An American tourist got an unexpected trip out to sea during her trip to Iceland when she tried to pose for a photo on a giant beach-bound iceberg and accidentally got swept into the ocean.
The incident took place on the coast of Iceland, where American Judith Streng noticed a giant piece of ice that just happened to be shaped like a chair. As the New York Post reported, the Texas woman asked her son to take a picture and climbed atop the iceberg.
As Streng prepared for the picture, a wave pulled the iceberg into the ocean and it began to drift out away from shore. The entire sequence was captured by Judith’s granddaughter, Catherine, who later posted the adventure on Twitter.
Her pictures — and the humorous captions that went along with them — gained some viral attention this week as they spread across social media and were picked up by news outlets across the globe.
Streng was ultimately rescued by a coast guard boat that brought her back to shore, which her granddaughter apparently found hilarious.
“No joke. A coast guard rescuer had to save her and bring her back to shore!” the granddaughter wrote in one of the picture captions.
My grandmother almost got lost at sea in Iceland today lmaoooo pic.twitter.com/osHrwTEkyr— babygirl, u dont know (@Xiushook) February 25, 2019
As the incident drew international attention, ABC News tracked down Judith Streng and got her to share the story. She explained that it looked like it would be fun to sit on the iceberg, but quickly realized just how dangerous it was to sit on a floating piece of ice so close to strong waves.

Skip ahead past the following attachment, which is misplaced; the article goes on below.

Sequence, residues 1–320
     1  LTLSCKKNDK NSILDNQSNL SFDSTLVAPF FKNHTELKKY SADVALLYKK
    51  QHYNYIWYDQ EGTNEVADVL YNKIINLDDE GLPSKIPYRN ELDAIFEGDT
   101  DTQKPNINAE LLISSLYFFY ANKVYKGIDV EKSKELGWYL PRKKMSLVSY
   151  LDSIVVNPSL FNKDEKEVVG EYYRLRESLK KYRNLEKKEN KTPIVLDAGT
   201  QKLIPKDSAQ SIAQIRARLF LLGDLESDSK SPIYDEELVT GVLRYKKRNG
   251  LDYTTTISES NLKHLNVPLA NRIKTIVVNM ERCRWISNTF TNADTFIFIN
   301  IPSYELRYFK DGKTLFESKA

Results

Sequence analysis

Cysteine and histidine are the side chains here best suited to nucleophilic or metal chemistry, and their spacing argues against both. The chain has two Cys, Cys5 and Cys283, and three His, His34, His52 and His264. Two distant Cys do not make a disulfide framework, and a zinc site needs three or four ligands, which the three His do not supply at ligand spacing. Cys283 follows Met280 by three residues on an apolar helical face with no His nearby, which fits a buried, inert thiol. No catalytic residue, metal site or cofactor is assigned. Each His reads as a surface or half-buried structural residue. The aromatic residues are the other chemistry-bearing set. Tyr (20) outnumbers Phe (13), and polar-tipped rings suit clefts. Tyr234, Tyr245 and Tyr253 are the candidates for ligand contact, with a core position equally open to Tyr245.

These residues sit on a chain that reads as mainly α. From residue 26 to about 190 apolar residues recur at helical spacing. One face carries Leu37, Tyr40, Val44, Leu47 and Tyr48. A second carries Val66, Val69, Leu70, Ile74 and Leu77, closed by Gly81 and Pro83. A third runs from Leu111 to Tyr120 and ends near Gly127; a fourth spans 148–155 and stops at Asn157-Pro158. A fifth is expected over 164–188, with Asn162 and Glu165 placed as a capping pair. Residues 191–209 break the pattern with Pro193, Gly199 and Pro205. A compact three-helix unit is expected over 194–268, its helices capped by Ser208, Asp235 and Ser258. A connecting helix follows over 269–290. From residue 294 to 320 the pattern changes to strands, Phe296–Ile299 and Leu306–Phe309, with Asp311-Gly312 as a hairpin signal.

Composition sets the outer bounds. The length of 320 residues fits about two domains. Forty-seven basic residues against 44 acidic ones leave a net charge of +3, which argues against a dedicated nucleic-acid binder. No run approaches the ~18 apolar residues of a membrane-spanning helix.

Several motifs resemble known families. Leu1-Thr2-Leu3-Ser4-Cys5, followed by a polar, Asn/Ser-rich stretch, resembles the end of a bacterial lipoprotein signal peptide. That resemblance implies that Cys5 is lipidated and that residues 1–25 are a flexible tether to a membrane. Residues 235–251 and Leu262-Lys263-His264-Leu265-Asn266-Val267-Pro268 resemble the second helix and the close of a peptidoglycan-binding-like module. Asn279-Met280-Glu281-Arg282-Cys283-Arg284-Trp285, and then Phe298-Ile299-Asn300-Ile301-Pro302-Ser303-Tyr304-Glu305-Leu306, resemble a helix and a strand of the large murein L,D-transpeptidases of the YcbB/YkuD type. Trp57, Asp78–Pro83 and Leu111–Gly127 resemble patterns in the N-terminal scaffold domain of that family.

“When I got on it, it started to totter and a wave was coming in,” she said. “A very large wave came in and kind of made the throne kind of rock, and I could tell that I was slipping off.”
While Judith Streng’s unexpected adventure on an iceberg may have had a happy ending, officials in Iceland aren’t too keen on tourists failing to take proper safety precautions when exploring the country’s natural beauty. Back in January, police said that tourists out viewing the Northern Lights have been putting themselves at risk by failing to watch the road while they’re driving at night.
“Weather and road conditions are one thing but it also comes down to very problematic behavior with some tourist drivers,” said Akureyri Police Superintendent Johannes Sigfusson, via Sky News. “Like when hitting the brake on the middle of a road for a sudden photo opportunity, with little or no warning for following drivers.”